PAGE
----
Red Sox 11, Rangers 5

Red Sox’ power back on

Two Gonzalez homers pace a potent offense

By Peter Abraham
Globe Staff / August 24, 2011

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ARLINGTON, Texas - Adrian Gonzalez had gone 84 at-bats since last hitting a home run. It came July 30 against Brian Bruney of the White Sox, who was released two weeks later.

Worse, Gonzalez had one homer over his previous 157 at-bats. The player who helped carry the Red Sox into first place had become a singles hitter.

That changed dramatically last night, as did the inability of the Sox to beat the Texas Rangers.

Gonzalez hit two home runs and the Sox routed the Rangers, 11-5, before a crowd of 25,705.

With Jacoby Ellsbury back atop the lineup after missing three games, the Sox had 14 hits and won for the fourth time in their last six games. They’ll get another boost tonight as David Ortiz was cleared to play after a nine-game layoff to rest a sore right foot.

As the Sox get healthy, they have moved into a virtual tie for first place in the American League East with the Yankees, who fell at home against Oakland.

But the biggest development of the night may have been the power surge by Gonzalez. He pulled a two-run shot into the second deck in right field in the first inning and in the fourth lined a ball over the wall in left-center. Both were off Texas starter Colby Lewis.

“I’ve been feeling better lately,’’ said Gonzalez, who now has 20 homers and 97 RBIs. “That’s my swing. If I can stay with that, that’s when I’m going well. Hopefully I can continue that.’’

That Gonzalez went to the opposite field with his second home run was meaningful to manager Terry Francona.

“Any hitter going the other way is always a good sign. It means you have balance,’’ he said.

Gonzalez is hitting .346, by far the highest average of his career to this point in any of his six full seasons, so the lack of home runs was not a major concern.

“If I wasn’t hitting for average and not hitting home runs then I’d be worried about it. But I’m getting on base and hitting for average,’’ he said. “The main thing is that we’re in a good position to be in the playoffs.’’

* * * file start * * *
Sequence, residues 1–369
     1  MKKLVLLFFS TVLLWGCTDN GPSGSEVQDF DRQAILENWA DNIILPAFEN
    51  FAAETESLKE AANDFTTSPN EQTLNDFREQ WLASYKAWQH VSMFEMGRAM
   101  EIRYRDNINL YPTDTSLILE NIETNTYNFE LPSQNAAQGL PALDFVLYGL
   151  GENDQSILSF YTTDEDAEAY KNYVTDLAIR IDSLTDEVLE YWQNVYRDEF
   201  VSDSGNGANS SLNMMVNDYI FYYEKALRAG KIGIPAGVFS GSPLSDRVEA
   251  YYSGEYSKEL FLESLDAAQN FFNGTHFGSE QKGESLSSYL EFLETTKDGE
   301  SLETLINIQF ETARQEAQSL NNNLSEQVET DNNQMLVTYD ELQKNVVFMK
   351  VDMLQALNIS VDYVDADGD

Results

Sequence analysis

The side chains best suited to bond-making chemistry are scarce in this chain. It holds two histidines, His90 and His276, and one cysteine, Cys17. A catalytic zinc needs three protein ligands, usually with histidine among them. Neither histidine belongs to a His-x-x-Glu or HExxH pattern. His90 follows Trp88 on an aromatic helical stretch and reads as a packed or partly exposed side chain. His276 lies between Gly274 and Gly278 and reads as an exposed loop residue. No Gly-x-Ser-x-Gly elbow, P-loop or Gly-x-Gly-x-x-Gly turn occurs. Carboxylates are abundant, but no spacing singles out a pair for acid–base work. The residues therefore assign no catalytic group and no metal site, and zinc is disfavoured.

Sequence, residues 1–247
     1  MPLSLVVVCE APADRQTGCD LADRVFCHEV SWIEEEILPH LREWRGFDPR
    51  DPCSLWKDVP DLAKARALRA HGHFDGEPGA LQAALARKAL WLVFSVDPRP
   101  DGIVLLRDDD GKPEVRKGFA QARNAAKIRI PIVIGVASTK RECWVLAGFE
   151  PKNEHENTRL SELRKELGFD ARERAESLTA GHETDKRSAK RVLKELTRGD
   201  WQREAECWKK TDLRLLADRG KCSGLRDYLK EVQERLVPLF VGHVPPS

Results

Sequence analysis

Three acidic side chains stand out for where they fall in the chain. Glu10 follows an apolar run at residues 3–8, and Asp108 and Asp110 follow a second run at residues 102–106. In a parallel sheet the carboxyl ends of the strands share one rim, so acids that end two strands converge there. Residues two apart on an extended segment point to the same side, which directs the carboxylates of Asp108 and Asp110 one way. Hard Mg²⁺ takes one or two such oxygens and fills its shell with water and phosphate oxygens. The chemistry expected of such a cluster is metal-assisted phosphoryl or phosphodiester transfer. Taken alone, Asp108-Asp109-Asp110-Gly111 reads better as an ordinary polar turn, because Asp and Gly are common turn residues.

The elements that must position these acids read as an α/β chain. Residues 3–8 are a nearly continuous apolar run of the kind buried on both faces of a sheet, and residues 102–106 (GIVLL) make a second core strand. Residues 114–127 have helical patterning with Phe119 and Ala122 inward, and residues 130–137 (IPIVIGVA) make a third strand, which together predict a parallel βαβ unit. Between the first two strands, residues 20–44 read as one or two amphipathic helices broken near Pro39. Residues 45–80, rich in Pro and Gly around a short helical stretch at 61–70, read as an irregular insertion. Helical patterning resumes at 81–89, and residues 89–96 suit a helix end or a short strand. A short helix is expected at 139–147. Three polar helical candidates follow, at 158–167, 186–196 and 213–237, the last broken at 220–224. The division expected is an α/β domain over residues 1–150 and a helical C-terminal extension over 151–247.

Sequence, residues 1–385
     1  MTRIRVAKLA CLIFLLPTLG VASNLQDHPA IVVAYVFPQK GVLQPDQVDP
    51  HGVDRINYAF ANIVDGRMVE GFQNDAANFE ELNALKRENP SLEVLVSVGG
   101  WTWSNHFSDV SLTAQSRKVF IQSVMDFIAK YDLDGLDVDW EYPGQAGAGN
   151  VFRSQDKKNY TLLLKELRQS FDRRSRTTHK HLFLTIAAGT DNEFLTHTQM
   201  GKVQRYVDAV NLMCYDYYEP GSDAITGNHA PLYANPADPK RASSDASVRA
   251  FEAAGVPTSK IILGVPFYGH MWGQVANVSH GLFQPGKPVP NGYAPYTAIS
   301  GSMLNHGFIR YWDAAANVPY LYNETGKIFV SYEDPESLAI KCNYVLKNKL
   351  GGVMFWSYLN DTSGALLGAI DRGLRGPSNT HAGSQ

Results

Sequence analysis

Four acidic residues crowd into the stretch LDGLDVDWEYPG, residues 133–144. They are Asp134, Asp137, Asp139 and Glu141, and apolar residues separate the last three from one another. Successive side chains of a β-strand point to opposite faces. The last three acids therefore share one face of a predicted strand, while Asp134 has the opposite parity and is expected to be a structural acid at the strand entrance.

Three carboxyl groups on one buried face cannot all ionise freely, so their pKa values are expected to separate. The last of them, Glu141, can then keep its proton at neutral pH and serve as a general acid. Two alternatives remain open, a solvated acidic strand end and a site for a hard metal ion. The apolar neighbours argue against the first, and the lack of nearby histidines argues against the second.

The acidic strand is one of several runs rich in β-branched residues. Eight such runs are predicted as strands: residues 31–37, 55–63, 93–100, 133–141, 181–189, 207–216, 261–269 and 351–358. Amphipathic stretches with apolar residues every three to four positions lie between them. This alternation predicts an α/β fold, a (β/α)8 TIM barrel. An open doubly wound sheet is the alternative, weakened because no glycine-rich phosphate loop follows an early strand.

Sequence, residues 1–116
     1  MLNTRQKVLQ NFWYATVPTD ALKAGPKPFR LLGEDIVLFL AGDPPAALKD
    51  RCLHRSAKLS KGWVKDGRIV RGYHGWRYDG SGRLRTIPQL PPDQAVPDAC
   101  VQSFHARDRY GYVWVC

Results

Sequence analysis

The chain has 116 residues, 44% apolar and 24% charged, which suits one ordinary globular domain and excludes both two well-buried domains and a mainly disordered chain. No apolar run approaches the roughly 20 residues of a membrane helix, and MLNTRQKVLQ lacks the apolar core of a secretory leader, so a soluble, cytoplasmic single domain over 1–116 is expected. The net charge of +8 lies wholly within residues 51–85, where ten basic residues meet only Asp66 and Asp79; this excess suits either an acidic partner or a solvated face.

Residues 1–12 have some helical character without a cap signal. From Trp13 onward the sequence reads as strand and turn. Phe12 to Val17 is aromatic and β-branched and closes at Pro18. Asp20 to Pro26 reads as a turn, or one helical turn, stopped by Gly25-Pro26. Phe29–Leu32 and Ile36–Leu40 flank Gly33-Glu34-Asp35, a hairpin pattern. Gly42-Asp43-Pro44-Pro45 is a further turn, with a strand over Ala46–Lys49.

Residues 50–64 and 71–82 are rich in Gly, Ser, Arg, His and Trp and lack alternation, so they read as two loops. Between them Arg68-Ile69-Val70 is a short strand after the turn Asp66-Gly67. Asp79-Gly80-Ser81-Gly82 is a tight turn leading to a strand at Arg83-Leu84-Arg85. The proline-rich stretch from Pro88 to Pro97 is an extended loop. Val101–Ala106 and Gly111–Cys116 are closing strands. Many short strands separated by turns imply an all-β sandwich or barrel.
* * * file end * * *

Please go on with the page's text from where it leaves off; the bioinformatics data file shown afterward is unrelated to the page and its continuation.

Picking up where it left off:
The Sox had lost their four previous games against Texas this year and were 6-17 against the Rangers since the start of the 2009 season.

For one night, that all vanished as every Sox starter had at least one hit.

The tone was set right away as Ellsbury singled, stole second, was bunted to third by Marco Scutaro, and scored on Gonzalez’s first home run.

“I just wanted to bring some energy to the lineup,’’ said Ellsbury, who missed three games after being hit in the back by a pitch Friday night in Kansas City. “It feels good to get back.’’

Rookie Ryan Lavarnway, who has filled in admirably for Ortiz as the DH, had two hits and one RBI, as did Jarrod Saltalamacchia, to help the Sox build a 7-3 lead after four innings.

Saltalamacchia had been 0 for 13 with six strikeouts against Texas, his former team, this season. He also was hitting ninth for the first time since June 16 thanks to a 6-for-45 slump.

“It felt good. I’ve been swinging the bat well with nothing to show for it,’’ Saltalamacchia said.

Saltalamacchia spent parts of four seasons with the Rangers before being traded to the Sox last year. Finally beating his former team meant a lot to him.

“The first time we came through here, I was pressing for sure,’’ he said. “It’s nice to get a win against these guys. We want to beat this team. They’re a team we could face in the playoffs. We have to start showing ourselves that we could do it. We knew we could but we had to prove it.’’

Scutaro and Dustin Pedroia each had two-run doubles in the eighth inning to break it open.

“It’s a fun way to play,’’ Francona said. “You’re getting contributions all over the place.’’

John Lackey (12-9) pitched into the seventh inning, giving up four runs on seven hits with three walks and five strikeouts. It was an effort more gritty than graceful, but that was just fine given that Lackey traditionally has trouble against the Rangers, especially on the road.

“This is a tough place to pitch,’’ he said. “To get away with a win is nice.’’

Lackey was 5-8 with a 7.47 earned run average in his first 13 starts of the season. He is 7-1, 4.10 in his nine starts since.

“This is Lackey,’’ Francona said. “It took us a while. His ERA is higher and it’ll probably be that way. But it doesn’t mean we haven’t got the pitcher we want.’’

With a comfortable lead, the Sox used Franklin Morales, Alfredo Aceves, and Dan Wheeler to get the final seven outs, leaving the bullpen fresh for the final two games of the series.

“Everything fell into place,’’ Saltalamacchia said. “Maybe we’re starting to get it going again. We know we’re capable.’’

Peter Abraham can be reached at Follow him on Twitter @peteabe.

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